Remember that it is not necessary to make an announcement to the whole world about your decision. It is nothing to do with those who don’t know you.

If you make a public declaration of your shahadah in a mosque or Islamic centre, be aware that someone might wish to film it and post it on-line. They are pleased that you have come to Islam and want to share this good news but it might be best if you control how and when you let people know about you becoming a Muslim. So you can ask that the shahadah is not filmed or that the news of you becoming Muslim is not made public.

Your decision to accept Islam will be accepted by the vast majority of people without any comment. Unfortunately, a few people might react badly. This can be due to misconceptions about the religion of Islam or because they are anti-religion and don’t like the idea of you “finding God”. Sometimes people have a streak of racism or intolerance hidden in their character and your decision may cause these feelings to surface.


Someone I know is becoming interested in Islam and I am concerned about them. What is going on?

If someone is contemplating Islam then there can be a lot going on in their head as they question their morals, standards, prejudices and experiences. They might seem pre-occupied or introverted and cut-off from you. They might not have the same time for you as before.

This is not intentional. Please, do not worry.

It’s just that they are so involved with working things out internally that they don’t realise that they have become remote. A bit selfish.

Give them some space. Give them some time. You will soon have them back.

Sometimes it’s hard for your friend to tell you what exactly is going on in their lives. This is because they don’t know either, they are still trying to work things out for themselves. They are not being evasive.

Once they resolve some of the questions bouncing around in their heads then they will be able to be open with you and explain things.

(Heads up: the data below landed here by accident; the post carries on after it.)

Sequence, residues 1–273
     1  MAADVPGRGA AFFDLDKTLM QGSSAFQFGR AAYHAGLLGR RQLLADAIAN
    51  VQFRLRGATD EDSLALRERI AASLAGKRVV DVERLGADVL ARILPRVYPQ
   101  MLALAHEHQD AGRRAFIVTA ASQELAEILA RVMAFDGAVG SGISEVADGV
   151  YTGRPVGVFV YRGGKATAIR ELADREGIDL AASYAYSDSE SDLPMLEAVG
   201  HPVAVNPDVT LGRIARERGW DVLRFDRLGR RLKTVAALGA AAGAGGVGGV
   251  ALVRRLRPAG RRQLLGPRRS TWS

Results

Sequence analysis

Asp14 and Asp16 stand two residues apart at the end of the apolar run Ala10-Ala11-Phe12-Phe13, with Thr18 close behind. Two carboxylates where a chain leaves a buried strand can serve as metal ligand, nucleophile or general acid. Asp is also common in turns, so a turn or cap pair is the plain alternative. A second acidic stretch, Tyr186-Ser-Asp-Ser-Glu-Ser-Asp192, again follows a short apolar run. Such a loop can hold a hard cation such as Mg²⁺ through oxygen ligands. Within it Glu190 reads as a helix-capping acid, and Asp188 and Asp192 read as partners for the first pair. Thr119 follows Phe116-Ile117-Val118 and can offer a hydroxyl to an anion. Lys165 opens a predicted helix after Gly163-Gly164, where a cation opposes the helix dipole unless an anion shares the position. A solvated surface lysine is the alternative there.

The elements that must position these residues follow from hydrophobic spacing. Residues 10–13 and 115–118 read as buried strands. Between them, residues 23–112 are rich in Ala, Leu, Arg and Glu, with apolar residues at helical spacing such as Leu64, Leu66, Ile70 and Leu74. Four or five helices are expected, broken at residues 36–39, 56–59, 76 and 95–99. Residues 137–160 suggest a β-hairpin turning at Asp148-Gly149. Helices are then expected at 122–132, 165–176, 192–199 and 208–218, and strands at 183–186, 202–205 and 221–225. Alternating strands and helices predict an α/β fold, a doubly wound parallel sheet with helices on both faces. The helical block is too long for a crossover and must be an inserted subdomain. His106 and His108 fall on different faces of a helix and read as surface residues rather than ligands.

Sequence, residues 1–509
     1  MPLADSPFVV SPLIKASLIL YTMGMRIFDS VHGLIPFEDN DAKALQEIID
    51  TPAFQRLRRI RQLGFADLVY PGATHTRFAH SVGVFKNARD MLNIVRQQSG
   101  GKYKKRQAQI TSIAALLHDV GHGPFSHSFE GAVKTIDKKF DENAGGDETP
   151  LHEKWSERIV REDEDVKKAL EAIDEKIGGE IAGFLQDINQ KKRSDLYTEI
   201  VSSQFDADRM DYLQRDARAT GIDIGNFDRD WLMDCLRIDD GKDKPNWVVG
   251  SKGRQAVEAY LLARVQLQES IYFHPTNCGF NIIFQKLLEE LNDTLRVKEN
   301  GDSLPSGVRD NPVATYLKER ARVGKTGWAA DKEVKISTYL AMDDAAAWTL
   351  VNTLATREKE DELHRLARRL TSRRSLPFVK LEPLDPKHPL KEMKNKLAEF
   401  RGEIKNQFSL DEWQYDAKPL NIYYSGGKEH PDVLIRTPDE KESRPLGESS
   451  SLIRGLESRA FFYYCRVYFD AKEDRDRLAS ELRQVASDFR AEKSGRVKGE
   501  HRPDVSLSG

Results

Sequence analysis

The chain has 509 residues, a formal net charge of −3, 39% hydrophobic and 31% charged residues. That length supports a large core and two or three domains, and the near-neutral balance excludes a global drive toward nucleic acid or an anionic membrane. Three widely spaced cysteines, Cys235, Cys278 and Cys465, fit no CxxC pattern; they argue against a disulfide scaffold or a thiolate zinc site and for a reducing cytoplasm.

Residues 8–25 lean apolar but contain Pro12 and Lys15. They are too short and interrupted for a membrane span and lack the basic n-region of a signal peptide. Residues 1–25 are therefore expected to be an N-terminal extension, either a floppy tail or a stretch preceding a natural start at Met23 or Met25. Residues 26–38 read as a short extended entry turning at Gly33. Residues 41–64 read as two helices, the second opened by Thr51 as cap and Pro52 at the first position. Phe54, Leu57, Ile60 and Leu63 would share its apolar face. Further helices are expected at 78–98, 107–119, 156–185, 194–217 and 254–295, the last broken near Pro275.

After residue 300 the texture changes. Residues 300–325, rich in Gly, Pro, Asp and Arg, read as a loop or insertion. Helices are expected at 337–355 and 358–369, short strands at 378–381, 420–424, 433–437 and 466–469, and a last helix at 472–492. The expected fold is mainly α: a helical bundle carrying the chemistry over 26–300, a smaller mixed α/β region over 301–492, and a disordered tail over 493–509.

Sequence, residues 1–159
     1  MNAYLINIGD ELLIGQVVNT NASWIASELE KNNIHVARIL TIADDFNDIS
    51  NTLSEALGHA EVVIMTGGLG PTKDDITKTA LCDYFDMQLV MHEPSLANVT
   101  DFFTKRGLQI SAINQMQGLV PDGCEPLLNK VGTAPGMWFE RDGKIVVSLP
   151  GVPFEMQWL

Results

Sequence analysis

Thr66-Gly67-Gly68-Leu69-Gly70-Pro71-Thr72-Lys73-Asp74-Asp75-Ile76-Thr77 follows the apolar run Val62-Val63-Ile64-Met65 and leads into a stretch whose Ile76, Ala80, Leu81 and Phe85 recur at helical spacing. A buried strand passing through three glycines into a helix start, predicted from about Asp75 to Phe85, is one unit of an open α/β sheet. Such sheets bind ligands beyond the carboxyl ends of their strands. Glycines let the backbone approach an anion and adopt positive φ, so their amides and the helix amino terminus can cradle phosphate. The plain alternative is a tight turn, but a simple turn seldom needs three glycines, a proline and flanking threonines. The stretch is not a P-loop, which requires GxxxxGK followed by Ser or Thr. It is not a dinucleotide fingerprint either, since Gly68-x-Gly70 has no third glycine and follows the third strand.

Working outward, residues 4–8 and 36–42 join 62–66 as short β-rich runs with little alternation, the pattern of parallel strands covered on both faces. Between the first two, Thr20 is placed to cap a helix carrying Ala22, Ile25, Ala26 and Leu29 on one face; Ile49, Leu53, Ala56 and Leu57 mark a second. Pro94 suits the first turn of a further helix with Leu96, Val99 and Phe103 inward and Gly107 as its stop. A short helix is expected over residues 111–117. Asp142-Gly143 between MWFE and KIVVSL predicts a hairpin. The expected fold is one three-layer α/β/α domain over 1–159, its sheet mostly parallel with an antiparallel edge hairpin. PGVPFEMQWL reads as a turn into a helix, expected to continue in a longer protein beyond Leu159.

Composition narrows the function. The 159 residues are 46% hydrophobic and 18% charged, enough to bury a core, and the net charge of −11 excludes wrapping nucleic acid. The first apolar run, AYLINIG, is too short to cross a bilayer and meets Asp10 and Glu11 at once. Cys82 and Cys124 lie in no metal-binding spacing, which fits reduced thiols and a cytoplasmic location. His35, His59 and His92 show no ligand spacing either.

You might not understand or agree but, hopefully, you will come to respect their position.

It’s good to be worried. It shows you care.

Look at your friend’s behaviour. Can you see anything bad going on?

Has their behaviour and attitude not, in fact, improved. Are they not more … thoughtful … considerate … polite … at peace … content … less angry?

If you can see these attributes, these changes for the better, then surely nothing bad is happening.


I’ve recently become a Muslim and people are telling me that I have to get married!

Marriage is strongly encouraged in Islam and it is seen as a great help to you in your life of faith if you have a partner with whom you can share your life with.

However, you should never rush in to a marriage when you first convert to Islam.

There are so many new things that you are trying to get used to, living as a new Muslim, and it takes a bit of time before you have managed to learn and implement the basics. It might be best if you establish the practice of Islam in your life before you move on to seeking a spouse – or accepting a proposal from someone.

Some people recommend that you should wait a year or two before you seriously consider marriage – and some people are keen to get married sooner.

The main point is to never allow anyone to pressure you in any way to get married.

One of the teachings of the Prophet Muhammad, may peace and blessings be upon him, is that it is better for you to get married sooner if the attraction of sex in your life is liable to lead you in to trouble/sin. Starting married life will help you to channel your desires in a way that is good for you.